How to live on 24 hours a day by Arnold Bennet

11:23 AM



It's so strange that the book How to live on 24 hours a day by Arnold Bennet is not more popular. I used to say I didn't have enough time to read or study but this book has certainly killed that excuse. It offers tips to manage time in order to both read and ponder over what you read - which is incredibly important.  

Despite being written in 1912, it's not as stuffy as you'd thing. It's actually very clear and even funny  sometimes. Here's a part I really like (the highlights are mine) from chapter 5, "Tennis and the immortal soul":

You get into the morning train with your newspaper, and you calmly and majestically give yourself up to your newspaper. You do not hurry. You know you have at least half an hour of security in front of you. As your glance lingers idly at the advertisements of shipping and of songs on the outer pages, your air is the air of a leisured man, wealthy in time, of a man from some planet where there are a hundred and twenty-four hours a day instead of twenty-four. I am an impassioned reader of newspapers. I read five English and two French dailies, and the news-agents alone know how many weeklies, regularly. I am obliged to mention this personal fact lest I should be accused of a prejudice against newspapers when I say that I object to the reading of newspapers in the morning train. Newspapers are produced with rapidity, to be read with rapidity. (...)The idea of devoting to them thirty or forty consecutive minutes of wonderful solitude (for nowhere can one more perfectly immerse one's self in one's self than in a compartment full of silent, withdrawn, smoking males) is to me repugnant. I cannot possibly allow you to scatter priceless pearls of time with such Oriental lavishness. You are not the Shah of time. Let me respectfully remind you that you have no more time than I have.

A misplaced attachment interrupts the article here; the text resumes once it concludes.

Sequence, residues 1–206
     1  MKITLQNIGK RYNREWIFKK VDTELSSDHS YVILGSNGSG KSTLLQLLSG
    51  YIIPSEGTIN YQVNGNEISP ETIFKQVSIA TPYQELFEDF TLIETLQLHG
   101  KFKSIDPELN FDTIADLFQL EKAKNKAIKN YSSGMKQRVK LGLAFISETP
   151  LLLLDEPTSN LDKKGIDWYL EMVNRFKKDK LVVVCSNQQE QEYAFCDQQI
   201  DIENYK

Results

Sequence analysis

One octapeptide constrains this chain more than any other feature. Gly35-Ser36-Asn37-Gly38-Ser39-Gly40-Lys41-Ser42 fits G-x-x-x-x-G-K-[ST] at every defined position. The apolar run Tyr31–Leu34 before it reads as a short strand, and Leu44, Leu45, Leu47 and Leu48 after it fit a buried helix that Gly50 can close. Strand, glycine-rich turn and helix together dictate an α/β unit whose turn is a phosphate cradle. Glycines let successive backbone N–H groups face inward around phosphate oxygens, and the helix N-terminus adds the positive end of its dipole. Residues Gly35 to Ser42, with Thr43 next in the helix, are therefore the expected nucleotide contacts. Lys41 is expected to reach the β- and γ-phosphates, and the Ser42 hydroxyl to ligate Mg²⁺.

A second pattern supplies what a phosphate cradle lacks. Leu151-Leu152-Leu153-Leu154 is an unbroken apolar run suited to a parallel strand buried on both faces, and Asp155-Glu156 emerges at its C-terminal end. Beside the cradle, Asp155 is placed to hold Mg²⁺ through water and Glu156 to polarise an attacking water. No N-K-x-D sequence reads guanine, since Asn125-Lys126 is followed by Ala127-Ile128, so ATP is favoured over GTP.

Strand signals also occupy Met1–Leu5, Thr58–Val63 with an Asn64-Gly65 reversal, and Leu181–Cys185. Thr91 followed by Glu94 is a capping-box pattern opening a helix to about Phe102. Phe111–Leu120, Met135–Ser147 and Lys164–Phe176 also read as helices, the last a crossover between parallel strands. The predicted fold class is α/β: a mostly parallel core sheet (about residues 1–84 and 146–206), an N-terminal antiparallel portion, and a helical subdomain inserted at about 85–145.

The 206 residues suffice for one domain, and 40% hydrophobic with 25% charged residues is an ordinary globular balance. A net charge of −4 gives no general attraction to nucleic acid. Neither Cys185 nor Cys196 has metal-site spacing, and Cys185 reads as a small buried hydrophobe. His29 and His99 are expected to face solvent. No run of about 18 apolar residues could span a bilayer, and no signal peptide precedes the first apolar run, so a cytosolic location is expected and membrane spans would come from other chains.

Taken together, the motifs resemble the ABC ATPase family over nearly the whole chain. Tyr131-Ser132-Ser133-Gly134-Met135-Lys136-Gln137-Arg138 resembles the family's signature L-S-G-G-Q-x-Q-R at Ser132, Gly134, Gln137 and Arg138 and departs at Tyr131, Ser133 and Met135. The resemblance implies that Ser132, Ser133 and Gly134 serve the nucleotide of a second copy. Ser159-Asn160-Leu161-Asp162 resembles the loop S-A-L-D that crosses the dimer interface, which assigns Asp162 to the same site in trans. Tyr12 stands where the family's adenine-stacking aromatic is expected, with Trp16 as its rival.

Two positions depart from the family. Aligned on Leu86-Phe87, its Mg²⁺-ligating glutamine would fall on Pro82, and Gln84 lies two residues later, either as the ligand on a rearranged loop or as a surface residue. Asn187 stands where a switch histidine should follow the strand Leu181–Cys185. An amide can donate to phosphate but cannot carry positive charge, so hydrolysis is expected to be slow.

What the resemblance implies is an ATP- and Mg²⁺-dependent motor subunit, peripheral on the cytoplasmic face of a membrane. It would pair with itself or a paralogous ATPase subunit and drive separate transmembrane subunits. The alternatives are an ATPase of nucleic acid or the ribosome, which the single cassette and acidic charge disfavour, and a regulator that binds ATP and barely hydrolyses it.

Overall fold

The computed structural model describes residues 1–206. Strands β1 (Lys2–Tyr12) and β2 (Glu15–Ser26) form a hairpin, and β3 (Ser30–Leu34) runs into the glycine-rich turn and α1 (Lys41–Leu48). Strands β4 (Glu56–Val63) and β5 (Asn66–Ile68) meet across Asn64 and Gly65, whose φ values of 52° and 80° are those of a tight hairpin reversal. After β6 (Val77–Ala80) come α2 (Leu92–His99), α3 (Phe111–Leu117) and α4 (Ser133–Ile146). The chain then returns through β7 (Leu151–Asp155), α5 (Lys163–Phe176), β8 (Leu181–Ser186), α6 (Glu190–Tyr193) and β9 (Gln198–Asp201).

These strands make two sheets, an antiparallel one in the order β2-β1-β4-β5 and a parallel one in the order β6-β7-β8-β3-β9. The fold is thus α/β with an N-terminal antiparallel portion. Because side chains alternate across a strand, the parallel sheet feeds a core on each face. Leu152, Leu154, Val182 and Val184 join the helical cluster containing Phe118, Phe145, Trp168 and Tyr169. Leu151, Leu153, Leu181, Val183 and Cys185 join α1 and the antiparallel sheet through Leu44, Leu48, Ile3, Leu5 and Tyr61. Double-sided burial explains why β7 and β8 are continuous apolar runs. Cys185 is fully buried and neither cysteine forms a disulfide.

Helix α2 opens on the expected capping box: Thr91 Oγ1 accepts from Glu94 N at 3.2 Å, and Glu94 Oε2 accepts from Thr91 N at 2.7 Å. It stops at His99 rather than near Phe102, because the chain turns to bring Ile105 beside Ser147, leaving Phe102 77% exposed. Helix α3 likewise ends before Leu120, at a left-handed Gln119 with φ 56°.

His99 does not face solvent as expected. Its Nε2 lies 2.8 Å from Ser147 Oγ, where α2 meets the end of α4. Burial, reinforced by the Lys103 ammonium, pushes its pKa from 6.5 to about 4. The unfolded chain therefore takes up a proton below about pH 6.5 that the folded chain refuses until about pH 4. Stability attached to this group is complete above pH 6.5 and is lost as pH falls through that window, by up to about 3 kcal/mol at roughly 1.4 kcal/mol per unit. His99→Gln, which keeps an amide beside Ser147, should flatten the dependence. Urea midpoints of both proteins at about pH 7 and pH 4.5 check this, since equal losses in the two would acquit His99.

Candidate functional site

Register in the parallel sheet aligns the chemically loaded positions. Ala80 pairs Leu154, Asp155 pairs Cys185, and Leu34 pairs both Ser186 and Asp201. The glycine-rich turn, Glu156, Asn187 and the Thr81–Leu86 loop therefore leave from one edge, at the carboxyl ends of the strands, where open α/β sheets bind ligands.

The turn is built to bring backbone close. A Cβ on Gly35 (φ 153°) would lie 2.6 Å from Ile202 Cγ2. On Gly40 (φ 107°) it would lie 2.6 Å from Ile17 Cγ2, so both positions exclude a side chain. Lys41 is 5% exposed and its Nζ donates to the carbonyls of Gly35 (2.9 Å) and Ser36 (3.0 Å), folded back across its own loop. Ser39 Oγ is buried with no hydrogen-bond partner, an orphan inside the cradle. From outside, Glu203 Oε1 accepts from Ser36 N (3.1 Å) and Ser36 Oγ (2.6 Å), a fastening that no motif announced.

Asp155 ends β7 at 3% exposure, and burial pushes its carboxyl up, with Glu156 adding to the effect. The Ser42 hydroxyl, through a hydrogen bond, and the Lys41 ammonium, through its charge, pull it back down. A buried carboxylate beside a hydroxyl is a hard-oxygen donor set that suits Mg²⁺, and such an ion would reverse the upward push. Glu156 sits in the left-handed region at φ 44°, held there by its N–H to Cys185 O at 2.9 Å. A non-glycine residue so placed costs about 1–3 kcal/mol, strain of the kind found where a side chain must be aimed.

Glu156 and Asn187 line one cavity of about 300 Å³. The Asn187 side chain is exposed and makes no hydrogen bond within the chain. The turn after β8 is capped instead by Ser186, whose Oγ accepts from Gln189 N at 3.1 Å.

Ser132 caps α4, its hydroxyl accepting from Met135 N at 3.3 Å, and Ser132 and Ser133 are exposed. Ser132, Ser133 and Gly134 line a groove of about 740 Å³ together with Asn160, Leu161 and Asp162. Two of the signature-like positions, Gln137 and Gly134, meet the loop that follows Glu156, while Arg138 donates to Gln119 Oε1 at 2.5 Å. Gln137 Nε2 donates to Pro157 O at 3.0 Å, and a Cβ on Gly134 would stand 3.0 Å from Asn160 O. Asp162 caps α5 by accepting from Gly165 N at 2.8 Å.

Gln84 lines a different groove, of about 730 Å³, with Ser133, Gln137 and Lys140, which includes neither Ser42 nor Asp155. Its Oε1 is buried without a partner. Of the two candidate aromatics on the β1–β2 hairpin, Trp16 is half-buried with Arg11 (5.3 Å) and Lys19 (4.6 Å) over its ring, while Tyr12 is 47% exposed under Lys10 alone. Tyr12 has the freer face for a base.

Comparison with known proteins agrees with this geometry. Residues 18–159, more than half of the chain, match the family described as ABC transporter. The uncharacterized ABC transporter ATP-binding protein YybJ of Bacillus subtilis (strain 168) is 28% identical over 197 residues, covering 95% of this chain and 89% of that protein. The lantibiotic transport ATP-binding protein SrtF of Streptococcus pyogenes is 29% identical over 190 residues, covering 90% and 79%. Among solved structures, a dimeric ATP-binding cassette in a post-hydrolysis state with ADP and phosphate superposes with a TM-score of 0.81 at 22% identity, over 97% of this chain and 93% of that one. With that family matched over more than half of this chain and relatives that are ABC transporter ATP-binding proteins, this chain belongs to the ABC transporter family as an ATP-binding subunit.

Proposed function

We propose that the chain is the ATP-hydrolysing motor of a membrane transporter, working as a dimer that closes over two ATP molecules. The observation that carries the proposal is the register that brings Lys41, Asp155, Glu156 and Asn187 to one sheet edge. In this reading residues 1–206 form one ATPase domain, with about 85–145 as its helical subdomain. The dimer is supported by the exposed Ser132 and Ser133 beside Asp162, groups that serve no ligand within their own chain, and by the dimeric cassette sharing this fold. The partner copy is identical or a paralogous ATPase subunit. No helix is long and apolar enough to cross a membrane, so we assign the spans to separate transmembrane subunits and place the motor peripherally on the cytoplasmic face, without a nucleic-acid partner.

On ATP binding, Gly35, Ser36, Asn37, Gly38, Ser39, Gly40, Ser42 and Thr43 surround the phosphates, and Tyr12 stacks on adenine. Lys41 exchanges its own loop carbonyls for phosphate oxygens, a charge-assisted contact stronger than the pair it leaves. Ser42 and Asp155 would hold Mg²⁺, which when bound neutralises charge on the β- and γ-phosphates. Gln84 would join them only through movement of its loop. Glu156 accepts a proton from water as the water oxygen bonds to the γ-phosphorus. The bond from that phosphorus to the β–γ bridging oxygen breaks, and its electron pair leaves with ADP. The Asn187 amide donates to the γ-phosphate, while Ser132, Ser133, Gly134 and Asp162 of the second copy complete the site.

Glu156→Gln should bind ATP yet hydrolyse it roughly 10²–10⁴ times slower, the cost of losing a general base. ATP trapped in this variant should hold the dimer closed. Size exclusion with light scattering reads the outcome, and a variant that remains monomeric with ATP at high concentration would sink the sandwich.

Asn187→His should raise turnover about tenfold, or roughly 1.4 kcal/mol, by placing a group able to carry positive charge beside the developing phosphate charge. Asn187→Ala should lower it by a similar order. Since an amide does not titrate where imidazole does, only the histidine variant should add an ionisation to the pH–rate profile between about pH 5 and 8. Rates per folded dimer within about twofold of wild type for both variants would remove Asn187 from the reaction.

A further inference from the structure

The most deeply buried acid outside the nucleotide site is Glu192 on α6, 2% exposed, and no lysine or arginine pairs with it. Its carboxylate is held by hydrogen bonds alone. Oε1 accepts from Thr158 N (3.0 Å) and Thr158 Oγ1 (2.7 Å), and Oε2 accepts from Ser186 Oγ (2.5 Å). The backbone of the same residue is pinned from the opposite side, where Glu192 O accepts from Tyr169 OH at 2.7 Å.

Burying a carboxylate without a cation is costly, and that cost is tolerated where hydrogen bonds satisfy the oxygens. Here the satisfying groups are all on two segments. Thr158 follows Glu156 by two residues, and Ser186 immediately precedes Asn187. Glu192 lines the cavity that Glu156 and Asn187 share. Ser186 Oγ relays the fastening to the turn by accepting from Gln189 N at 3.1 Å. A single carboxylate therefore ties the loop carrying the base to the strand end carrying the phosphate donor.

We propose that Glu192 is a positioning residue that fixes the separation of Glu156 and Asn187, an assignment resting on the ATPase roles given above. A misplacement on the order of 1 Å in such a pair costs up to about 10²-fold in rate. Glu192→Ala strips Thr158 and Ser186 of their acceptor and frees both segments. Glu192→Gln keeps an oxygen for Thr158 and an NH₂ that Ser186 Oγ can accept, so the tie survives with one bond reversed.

I fit perfectly into the description of a person who acts as if they had all the time in the world, though I do I try to change constantly. 

The only thing the book advises I failed putting in practice is to study and focus on one subject. I really wished I could read about one area only. I guess in this respect I'm a bit like Dickie Greenleaf from The Talented Mr. Ripley.

Byt the way, this book is available online on Project Guttenberg and Librivox (audiobook).

Do you struggle to find time for reading and studying? Can you focus on only one subject?

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2 comments

  1. to me, it's really hard to focus on one subject. sometimes when i'm playing the piano, i think i should be reading a book. when i'm drawing, i think i should be playing the guitar. it's terrible. not to mention when i'm sleepy and can't put my mind to what i'm doing...
    i get really worried about how much time i have. sometimes i think i have a lot of time to get where i want to get. but sometimes i think i'm getting nowhere. it's really scary, but i think we have to try our best everyday, right?

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  2. I think it is already a big step realizing - truly realizing - that time is one of our most important possessions (which I'm not saying is something I do, at least not all the time). So if we are doing something meaningful we can be happy with that and not focus on what we are not doing.

    I wish I was as productive as you though! Have a great weekend ;)

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